Schooner Run, side view
The last one that I've chosen for this small and in no way complete lighthouse tour is the one in Schooner Run. There are many nice lighthouses in the North Sea too. In this post here you can see the lighthouse of Mango Marina. Back to Schooner Run. It is so beautifully placed in the middle of loads of islands and small reefs. This time of year the trees are in all the colours of the fall. (It really deserves a full screen view). Sectors might make sense here too, to guide traffic from hitting hidden rocks and stuff. Here's a shot from the map to illustrate how this lighthouse is placed.
Schooner Run, top view
So what the h... is she talking about? Sector lights and all? I assume old salts will know, but perhaps a shot from a real chart will make it all make sense. This next one is from Copenhagen. I don't suppose I need to explain sector lights, do I? It is pretty obvious what they are, right? The yellow cones mark the safe waters between those major lights there. So bulk carriers and Russian missile cruisers can get in and out without running aground.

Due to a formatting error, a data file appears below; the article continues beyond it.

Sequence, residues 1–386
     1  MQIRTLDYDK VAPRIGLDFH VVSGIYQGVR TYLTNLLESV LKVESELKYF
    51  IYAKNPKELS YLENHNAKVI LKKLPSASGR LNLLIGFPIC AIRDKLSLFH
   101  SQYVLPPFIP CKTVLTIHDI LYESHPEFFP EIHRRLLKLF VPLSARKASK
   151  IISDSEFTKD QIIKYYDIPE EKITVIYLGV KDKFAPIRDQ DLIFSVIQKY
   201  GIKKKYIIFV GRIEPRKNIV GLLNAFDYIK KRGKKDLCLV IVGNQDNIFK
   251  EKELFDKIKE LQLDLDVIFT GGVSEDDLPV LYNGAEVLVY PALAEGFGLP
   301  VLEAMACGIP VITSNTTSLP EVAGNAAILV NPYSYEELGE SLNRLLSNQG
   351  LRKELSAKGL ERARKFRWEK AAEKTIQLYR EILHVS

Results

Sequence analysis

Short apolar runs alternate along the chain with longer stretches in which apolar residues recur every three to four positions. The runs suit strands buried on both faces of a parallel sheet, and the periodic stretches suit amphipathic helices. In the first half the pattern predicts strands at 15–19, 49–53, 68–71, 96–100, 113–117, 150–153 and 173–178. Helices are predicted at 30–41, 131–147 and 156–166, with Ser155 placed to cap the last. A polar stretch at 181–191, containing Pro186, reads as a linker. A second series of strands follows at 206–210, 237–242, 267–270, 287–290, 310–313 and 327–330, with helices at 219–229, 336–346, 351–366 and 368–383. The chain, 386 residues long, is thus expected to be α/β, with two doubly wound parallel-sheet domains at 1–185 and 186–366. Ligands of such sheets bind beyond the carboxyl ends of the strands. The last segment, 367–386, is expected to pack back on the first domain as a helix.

Copenhagen, Denmark, in a parallel universe
Now, imagine being out the in the dark night. You can sail for hours having just one light ahead of you, or nothing at all. Approaching a small marina there would be like one small light to look for. Approaching a major harbour there are thousands of lights. The sky is lit as if in a disco. Small lights, big lights. Red, yellow, green all blinking differently. It's truly an amazing view, and it can be quite overwhelming to navigate. I mean, you gotta find the right yellow light to steer after. And trust your instincts cause you cannot see what's in the water until you're very close.
Svaneke, Bornholm
Here's a more simple example: Approaching Svaneke, a little harbour on the cliffy island of Bornholm. It's south of Sweden, in the Baltic. You come in from the north-east, stay in the yellow zone, until those two reds are aligned, then you turn to starboard and head for the harbour keeping the reds aligned and you are safe. If you googlemap it, you'll see those cliffs outside the harbour. This more simple but still very realistic scenario would easily fit into the virtual world.

Now, I realize the virtual world will need some sort of organisation to set all this up, and we probably - probably - don't have a harbour with the complexity of a real harbour, but still... isn't this just the perfect  job for the SL coast guard to set up the navigational aids along the virtual shores? Those buoys and lighthouses, they could need some work. Having good markers and lighthouses would certainly make it even more fun to sail the virtual seas.


  1. I must agree with you on all but the problem can be (my guess!) that the buoys where placed by LL department and we know how hard it can be to speak with them and probably Sl cost guard willl not be able to work on Ll water at all!